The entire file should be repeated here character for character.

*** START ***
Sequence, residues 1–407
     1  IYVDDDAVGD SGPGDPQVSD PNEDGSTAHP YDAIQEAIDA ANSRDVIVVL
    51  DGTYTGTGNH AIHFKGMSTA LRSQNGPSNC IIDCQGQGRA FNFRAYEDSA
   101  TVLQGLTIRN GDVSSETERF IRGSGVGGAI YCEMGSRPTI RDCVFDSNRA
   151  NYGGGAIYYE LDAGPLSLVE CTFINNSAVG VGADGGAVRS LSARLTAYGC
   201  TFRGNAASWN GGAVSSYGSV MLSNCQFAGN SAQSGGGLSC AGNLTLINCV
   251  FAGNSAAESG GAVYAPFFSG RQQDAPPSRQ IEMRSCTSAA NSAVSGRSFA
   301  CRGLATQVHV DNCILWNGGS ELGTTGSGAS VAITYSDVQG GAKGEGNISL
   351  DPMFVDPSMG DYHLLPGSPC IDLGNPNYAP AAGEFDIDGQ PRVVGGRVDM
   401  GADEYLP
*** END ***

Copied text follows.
Sequence, residues 1–407
     1  IYVDDDAVGD SGPGDPQVSD PNEDGSTAHP YDAIQEAIDA ANSRDVIVVL
    51  DGTYTGTGNH AIHFKGMSTA LRSQNGPSNC IIDCQGQGRA FNFRAYEDSA
   101  TVLQGLTIRN GDVSSETERF IRGSGVGGAI YCEMGSRPTI RDCVFDSNRA
   151  NYGGGAIYYE LDAGPLSLVE CTFINNSAVG VGADGGAVRS LSARLTAYGC
   201  TFRGNAASWN GGAVSSYGSV MLSNCQFAGN SAQSGGGLSC AGNLTLINCV
   251  FAGNSAAESG GAVYAPFFSG RQQDAPPSRQ IEMRSCTSAA NSAVSGRSFA
   301  CRGLATQVHV DNCILWNGGS ELGTTGSGAS VAITYSDVQG GAKGEGNISL
   351  DPMFVDPSMG DYHLLPGSPC IDLGNPNYAP AAGEFDIDGQ PRVVGGRVDM
   401  GADEYLP